This week Winston Churchill got an honorary doctorate of laws in absentia from the University of Rochester, his first degree from a U.S. university. The reason the Prime Minister permitted Rochester to stage the kudos scoop of the year was that his mother, born Jennie Jerome, was a native of Rochester. But by a strange paradox, Mr. Churchill accepted the degree from a Quaker who for two years has fought to prevent the U.S. from joining Britain in the war and is a good friend of arch-isolationist Charles LindberghRochester's President Alan Valentine.
Smart, young (40) Alan Valentine, a Rhodes scholar, was accused by fellow Rhodesmen of ingratitude to Britain when he began two years ago to write impassioned letters to Senators and President Roosevelt demanding that they keep the U.S. out of war. He went to Washington this year to oppose the Lend-Lease Bill. Now in favor of U.S. arming for defense, he insists that to send troops to Europe would be "pure midsummer madness."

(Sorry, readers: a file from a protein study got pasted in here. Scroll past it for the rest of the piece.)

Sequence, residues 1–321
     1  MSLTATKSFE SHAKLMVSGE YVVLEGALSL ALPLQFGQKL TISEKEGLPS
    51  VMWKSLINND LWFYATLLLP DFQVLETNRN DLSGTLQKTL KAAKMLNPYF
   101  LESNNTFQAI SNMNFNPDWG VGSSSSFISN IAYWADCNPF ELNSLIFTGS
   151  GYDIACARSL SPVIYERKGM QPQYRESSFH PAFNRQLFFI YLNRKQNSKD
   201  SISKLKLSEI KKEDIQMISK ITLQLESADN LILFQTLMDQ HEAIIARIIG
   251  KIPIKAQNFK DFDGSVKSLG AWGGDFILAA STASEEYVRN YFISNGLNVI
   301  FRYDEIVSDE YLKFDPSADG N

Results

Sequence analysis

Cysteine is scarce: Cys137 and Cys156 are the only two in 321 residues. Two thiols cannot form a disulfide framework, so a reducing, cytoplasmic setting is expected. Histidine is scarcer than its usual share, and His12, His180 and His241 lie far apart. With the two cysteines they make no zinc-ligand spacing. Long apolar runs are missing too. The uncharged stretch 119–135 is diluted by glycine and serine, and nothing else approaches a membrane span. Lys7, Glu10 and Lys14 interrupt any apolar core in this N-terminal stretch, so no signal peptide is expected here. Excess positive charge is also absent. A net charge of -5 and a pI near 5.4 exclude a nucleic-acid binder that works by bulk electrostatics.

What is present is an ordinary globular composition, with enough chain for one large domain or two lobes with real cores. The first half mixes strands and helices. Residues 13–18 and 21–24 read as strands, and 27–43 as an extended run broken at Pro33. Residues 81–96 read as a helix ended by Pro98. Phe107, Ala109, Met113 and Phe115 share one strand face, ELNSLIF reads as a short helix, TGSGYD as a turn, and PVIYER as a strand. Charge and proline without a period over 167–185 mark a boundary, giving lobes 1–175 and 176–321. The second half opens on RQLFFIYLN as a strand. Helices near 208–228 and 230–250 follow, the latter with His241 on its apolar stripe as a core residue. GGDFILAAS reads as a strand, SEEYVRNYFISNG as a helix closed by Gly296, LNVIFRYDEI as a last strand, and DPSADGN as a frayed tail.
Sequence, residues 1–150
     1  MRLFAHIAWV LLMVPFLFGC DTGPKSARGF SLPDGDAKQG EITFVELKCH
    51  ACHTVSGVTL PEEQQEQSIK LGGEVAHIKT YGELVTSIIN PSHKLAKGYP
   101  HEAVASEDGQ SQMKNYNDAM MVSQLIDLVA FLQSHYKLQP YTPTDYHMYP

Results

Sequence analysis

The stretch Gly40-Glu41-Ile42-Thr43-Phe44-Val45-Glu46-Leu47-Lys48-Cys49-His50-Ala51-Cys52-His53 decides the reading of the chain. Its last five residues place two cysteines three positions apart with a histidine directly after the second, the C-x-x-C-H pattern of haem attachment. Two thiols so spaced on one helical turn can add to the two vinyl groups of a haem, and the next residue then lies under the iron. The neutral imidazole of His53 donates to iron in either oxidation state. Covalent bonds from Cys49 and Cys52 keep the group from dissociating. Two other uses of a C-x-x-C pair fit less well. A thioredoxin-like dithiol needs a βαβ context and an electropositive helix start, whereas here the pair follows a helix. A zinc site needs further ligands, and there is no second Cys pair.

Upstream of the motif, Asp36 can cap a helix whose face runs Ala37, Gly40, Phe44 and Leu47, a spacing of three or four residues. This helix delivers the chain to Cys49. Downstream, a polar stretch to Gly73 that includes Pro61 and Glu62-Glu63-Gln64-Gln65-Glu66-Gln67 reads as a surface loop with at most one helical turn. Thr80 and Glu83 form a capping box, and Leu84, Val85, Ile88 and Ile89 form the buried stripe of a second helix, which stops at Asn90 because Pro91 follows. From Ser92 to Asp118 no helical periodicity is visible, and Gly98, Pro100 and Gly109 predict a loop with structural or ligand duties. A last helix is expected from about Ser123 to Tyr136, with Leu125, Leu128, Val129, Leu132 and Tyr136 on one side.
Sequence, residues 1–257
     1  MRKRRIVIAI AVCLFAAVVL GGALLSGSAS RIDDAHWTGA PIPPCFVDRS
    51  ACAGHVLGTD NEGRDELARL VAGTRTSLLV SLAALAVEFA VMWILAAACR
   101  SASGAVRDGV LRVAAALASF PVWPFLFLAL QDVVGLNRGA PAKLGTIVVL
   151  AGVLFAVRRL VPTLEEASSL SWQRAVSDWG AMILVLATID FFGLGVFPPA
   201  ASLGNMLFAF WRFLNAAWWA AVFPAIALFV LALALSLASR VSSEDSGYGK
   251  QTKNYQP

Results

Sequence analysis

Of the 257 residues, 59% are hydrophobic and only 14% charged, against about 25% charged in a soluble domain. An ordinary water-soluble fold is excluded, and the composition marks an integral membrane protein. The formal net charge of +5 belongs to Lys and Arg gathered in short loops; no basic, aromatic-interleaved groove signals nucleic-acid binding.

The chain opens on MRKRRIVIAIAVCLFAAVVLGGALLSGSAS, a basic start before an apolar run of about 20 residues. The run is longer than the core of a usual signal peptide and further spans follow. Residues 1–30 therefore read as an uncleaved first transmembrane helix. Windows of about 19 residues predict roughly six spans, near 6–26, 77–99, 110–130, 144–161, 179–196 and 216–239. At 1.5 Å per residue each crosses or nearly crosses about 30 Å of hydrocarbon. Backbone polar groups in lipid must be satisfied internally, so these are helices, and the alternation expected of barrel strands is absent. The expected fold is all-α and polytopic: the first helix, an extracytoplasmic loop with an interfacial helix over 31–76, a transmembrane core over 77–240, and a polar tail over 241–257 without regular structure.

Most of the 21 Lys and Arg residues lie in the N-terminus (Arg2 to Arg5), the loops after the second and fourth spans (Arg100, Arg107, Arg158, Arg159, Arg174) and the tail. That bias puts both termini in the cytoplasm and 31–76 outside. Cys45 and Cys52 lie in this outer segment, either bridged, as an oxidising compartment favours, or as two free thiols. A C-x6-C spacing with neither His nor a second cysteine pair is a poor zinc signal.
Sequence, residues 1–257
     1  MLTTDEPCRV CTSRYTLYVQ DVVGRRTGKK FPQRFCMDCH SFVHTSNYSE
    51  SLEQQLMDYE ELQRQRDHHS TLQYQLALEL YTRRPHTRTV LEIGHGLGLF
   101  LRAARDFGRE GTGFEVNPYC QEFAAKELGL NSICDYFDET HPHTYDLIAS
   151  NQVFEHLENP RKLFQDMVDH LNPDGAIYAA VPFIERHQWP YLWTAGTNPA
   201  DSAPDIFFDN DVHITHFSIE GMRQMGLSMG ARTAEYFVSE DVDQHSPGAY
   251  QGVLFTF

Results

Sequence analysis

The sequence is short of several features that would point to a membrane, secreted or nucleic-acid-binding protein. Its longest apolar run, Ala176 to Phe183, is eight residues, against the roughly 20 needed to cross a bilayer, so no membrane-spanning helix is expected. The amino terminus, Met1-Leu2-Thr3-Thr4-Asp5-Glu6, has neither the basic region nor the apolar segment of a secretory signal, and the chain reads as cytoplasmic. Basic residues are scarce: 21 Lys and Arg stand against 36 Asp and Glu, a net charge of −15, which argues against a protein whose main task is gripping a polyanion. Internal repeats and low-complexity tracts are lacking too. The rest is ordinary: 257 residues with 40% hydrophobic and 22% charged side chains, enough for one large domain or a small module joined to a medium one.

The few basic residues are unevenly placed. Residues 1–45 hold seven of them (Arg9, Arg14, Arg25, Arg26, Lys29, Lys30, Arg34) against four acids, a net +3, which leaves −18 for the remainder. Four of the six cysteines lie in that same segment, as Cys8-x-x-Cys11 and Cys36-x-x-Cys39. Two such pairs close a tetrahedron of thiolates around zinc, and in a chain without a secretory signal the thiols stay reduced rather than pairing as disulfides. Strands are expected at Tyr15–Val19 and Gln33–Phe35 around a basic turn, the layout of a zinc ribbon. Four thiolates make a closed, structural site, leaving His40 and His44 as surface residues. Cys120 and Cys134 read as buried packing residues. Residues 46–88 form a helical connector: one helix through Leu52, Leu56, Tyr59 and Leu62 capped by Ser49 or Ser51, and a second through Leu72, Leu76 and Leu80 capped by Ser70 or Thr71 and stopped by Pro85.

Nonetheless, President Valentine last week explained that his university had decided to kudize Winston Churchill for "his distinction as a historian ... his position as the elected leader of a great and friendly democracy ... the courage, candor and effectiveness with which he is leading his nation. . . ." At commencement exercises this week he handed Dr. Churchill's diploma to Noel Hall, British Minister to Washington, and eulogized to the Prime Minister by transatlantic radio: ". . . Our hearts speak out to England. . . . Our common cause is freedom. . . .Winston Churchill, no longer historian and statesman, but symbol of Britain aroused . . . America admires you. . . . May peace with freedom be your crowning work. . . ."
U.S. radio listeners heard Churchill's reply: "What touches me most in this ceremony is that sense of kinship and of unity which I feel exists between us this afternoon. . . . Here at least in my mother's birth city of Rochester, I hold a latch-key to American hearts. . . . What is the explanation of the enslavement of Europe by the German Nazi regime? . . . There was no unity. . . . The nations were pulled down one by one. ... Is this tragedy to repeat itself once more? Ah, no. . . . United we stand, divided we fall."